The nature of the show is thus that it is impossible to talk about it without issuing forth spoilers, so click away now if you want to remain unsullied for this show.
So this boy Tomo has a ghostly girl following him around everywhere, and he’s the only one who can see and interact with the peppy Misao. Or so he thinks. Then one day he comes into possession of a strange metal briefcase, a case that lots of people want and are willing to kill for. When he’s attacked, the case opens, and there appears from the shadows a giant robot, an Asura Machina called Kurogane (and here’s the important bit, Misao vanishes at the same time). This robot does Tomo’s bidding, and defends him from the attackers. When it vanishes, Misao reappears.
The attackers are demons, people with magical powers, and one of them is a cute girl from his school named Takatsuki. There is more than one student council at his school. The first student council is a religious type bunch of fanatics, that aren’t happy at Tomo getting this giant robot, and certainly aren’t happy at seeing him consorting with demons. They’re the second student council. Anyway, to avoid being attacked by either side, Tomo joins the Science Club in school, where the vice president is a cyborg named Shuri, who can launch projectile weapons from her limbs.
By this point it’s become clear that he’s not the only one with a friendly ghost, and a giant robot. The Holy Guard (the first student council) don’t want him consorting with demons because if he makes a contract with a demon, while possessing the Asura Machina/ghost combo, then that will beget an Asura Cryin’ which will threaten the world. It’s problematic because by this point Tomo is getting friendly with Takatsuki. Also if someone contracts with a demon, a Daughter is summoned, an otherworldly creature that becomes the demon’s familiar. And then at the end of the second episode we get the revelation that the world will end in 719 days, and all of this is tied to a plane crash some while back that many of the characters somehow survived.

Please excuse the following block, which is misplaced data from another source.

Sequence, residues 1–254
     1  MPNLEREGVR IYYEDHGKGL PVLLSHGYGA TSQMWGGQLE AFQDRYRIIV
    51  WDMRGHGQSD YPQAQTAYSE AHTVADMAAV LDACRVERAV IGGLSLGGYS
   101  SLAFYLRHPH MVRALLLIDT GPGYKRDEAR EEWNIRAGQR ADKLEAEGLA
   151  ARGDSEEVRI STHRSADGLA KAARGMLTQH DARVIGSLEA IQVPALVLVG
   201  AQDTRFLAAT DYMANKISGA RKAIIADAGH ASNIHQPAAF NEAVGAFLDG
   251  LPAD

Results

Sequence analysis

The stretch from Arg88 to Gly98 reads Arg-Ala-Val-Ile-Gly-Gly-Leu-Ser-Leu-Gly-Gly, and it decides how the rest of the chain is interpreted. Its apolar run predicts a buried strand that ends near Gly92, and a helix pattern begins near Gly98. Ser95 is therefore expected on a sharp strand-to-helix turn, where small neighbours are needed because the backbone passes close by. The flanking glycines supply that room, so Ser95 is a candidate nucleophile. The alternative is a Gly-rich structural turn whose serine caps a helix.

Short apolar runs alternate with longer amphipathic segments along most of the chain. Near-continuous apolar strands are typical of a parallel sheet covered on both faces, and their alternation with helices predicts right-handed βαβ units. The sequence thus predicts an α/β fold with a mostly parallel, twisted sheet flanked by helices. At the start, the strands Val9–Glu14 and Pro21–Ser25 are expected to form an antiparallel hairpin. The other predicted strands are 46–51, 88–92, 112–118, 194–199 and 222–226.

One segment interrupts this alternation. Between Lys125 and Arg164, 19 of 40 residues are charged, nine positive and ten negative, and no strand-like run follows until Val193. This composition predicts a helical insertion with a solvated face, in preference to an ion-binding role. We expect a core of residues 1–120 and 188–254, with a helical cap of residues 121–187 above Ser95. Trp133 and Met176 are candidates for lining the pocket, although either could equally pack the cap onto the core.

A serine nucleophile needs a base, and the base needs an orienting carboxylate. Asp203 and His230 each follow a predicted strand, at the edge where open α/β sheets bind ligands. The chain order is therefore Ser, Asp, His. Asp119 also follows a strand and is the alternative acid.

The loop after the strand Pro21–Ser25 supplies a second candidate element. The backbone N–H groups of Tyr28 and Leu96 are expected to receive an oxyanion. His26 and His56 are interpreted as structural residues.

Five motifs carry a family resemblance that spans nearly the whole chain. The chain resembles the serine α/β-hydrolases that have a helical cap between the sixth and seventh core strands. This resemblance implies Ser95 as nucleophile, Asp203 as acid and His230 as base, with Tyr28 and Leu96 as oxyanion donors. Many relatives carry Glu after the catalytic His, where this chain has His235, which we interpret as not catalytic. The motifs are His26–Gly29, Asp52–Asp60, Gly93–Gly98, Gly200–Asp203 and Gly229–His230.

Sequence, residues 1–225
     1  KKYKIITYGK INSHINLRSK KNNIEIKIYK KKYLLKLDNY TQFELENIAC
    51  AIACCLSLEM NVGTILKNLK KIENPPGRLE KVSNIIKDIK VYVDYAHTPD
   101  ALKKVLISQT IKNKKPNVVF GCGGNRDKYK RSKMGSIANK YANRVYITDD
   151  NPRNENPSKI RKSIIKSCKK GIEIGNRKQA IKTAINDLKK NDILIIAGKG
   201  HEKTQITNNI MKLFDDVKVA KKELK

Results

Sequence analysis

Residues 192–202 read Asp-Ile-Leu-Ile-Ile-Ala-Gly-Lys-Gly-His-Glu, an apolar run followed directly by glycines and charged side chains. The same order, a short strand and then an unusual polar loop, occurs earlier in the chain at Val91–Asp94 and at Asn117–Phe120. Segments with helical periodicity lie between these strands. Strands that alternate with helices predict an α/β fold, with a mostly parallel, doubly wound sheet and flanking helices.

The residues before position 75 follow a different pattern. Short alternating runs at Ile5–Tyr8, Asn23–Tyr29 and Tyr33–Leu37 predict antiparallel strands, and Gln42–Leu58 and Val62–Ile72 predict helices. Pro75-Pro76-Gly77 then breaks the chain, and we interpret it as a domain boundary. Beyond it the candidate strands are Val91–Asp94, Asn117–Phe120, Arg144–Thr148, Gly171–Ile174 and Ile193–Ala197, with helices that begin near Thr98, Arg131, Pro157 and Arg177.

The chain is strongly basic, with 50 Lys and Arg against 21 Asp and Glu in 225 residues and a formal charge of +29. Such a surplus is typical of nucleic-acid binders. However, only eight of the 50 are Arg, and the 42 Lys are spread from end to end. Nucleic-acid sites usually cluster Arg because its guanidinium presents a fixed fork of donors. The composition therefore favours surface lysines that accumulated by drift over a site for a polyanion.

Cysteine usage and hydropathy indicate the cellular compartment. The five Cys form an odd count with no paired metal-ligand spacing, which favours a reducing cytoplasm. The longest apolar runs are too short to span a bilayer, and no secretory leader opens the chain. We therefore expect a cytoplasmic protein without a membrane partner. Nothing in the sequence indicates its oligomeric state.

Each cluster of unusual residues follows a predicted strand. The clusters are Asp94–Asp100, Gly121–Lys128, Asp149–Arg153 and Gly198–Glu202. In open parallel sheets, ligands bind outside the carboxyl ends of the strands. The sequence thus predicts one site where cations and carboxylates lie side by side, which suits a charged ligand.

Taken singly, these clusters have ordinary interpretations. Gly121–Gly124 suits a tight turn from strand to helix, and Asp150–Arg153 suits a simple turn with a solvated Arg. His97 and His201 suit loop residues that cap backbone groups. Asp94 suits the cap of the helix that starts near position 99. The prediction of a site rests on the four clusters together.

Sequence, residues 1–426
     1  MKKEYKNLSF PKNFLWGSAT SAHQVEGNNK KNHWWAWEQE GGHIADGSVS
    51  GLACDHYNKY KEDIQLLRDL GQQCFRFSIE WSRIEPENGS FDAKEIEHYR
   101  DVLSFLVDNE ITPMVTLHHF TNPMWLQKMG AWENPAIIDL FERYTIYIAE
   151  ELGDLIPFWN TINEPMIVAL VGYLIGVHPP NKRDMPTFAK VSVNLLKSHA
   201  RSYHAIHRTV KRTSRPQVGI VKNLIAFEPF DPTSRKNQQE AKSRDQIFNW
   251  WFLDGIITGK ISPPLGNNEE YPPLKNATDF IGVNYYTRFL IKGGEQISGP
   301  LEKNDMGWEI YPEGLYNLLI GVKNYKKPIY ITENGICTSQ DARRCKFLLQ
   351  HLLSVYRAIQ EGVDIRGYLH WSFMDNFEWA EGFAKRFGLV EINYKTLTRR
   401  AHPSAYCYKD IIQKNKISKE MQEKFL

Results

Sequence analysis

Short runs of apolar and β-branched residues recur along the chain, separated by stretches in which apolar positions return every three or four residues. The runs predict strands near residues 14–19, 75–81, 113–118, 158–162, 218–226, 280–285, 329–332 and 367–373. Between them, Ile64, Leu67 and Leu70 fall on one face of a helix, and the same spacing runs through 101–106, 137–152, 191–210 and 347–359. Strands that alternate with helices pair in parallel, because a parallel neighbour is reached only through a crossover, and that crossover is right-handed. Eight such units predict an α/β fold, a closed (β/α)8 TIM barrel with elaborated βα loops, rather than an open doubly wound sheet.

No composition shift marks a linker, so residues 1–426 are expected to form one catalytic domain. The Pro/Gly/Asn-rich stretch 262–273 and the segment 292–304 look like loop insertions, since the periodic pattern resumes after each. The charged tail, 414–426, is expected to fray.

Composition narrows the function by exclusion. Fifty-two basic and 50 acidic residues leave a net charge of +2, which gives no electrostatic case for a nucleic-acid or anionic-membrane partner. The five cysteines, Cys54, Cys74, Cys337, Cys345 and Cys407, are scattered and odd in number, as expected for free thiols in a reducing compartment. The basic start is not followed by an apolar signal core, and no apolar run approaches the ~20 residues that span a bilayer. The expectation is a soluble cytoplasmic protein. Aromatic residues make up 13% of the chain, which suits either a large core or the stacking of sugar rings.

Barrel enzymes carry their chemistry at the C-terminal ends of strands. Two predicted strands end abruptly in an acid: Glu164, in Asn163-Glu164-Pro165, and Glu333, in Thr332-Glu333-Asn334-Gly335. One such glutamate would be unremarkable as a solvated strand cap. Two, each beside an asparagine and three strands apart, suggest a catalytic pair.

Asura Cryin’ keeps going in this vein, confusing and incoherent, until suddenly it decides to clear some things up, and we get a stretch of an episode that is devoted to an infodump, twenty odd minutes clarifying all that has come prior to that. This might be a good thing, but what follows is another layering on of a narrative mess, the introduction of a Luck Eater, ruins of a first world, more enigmatic characters, muddying things up until they have to clarify things with yet another infodump.
This structure continues right to the end of the show, which at least means it leaves on a positive note, with all loose ends tied up. I had a brief, hate/hate relationship with Horizon on the Middle of Nowhere, a show with a dizzyingly convoluted plot, character overload to the extreme, and a reliance on its own, specific jargon that alienated all but the most devoted audience, all unfolding at a breakneck pace that rendered the whole thing utterly incomprehensible to me. At the time I did wonder how the show would fare if it had taken the time to tell its story rather than delivering it like an avalanche.
Well, now I know, for Asura Cryin’ is Horizon on the Middle of Nowhere, told without breaking any speed limits. It’s still an incomprehensible mess, but you do get enough breathing space to try and make sense of it. What emerges is a really quite compelling tale of parallel worlds connected by an apocalyptic tear in the fabric of space and time, with the disastrous events in one world having pressing consequences in the others. But by God it puts you through hell before you can eke any satisfaction from it.
A solid premise is completely undone by awful storytelling, wafer thin characters, and second rate animation. The whole package gets a perfunctory release with underwhelming specs, bundling the whole 26 episode series in one go. I can’t recommend Asura Cryin’ but at the same time, I can’t deny that I’m going to give it another go in a few years, as I suspect that there might be more to it than meets the eye at first glance.